What is Tetanus?
Tetanus, also called lockjaw, is a medical condition characterized by, a prolonged contraction of skeletal muscle fibers. The primary symptoms are caused by tetanospasmin, a neurotoxin produced by the Gram-positive, obligate anaerobic bacterium Clostridium tetani
. Infection generally occurs through wound contamination, and often involves a cut or deep puncture wound. As the infection progresses, muscle spasms in the jaw develop, hence the name lockjaw. This is followed by difficulty in swallowing and general muscle stiffness and spasms in other parts of the body. Infection can be prevented by proper immunization and by post-exposure prophylaxis.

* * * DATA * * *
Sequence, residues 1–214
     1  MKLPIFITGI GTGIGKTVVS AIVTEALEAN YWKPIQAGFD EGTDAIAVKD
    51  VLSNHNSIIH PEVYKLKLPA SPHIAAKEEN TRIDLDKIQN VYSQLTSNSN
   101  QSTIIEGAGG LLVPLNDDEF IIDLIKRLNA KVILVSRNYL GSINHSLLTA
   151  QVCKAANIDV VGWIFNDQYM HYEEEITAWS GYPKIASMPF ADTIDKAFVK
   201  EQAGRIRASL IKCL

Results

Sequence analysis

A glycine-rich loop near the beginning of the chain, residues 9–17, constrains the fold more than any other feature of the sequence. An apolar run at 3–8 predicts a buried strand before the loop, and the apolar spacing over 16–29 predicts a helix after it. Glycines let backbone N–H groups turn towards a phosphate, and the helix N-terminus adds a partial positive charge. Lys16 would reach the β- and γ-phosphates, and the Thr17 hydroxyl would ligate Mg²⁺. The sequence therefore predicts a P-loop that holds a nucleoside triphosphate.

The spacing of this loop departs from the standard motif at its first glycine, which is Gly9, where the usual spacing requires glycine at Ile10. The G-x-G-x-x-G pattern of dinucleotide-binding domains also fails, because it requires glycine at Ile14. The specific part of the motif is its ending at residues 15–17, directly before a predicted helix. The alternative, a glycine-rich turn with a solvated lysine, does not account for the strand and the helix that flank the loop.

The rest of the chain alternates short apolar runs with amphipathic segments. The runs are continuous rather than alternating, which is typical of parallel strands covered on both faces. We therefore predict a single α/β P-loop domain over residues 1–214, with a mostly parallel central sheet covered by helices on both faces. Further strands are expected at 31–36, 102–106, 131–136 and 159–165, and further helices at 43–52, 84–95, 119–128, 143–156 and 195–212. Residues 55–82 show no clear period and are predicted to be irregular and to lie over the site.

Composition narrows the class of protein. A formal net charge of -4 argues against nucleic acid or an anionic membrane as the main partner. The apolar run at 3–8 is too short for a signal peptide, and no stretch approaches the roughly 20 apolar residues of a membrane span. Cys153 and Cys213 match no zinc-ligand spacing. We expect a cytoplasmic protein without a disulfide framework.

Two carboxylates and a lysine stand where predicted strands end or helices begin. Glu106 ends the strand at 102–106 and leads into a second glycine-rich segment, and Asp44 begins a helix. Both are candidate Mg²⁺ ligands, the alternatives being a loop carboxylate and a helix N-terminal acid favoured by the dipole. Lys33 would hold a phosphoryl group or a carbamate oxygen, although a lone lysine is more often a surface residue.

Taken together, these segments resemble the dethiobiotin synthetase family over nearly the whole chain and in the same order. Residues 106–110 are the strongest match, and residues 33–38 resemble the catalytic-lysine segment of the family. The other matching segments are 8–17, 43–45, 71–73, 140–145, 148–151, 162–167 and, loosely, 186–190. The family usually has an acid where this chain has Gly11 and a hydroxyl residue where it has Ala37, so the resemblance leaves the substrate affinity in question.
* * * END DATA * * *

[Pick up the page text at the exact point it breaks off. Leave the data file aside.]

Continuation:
A tetanus shot is usually given every 10 years and is often free. Make sure that your tetanus shot is up to date.
Written by Kim Romaine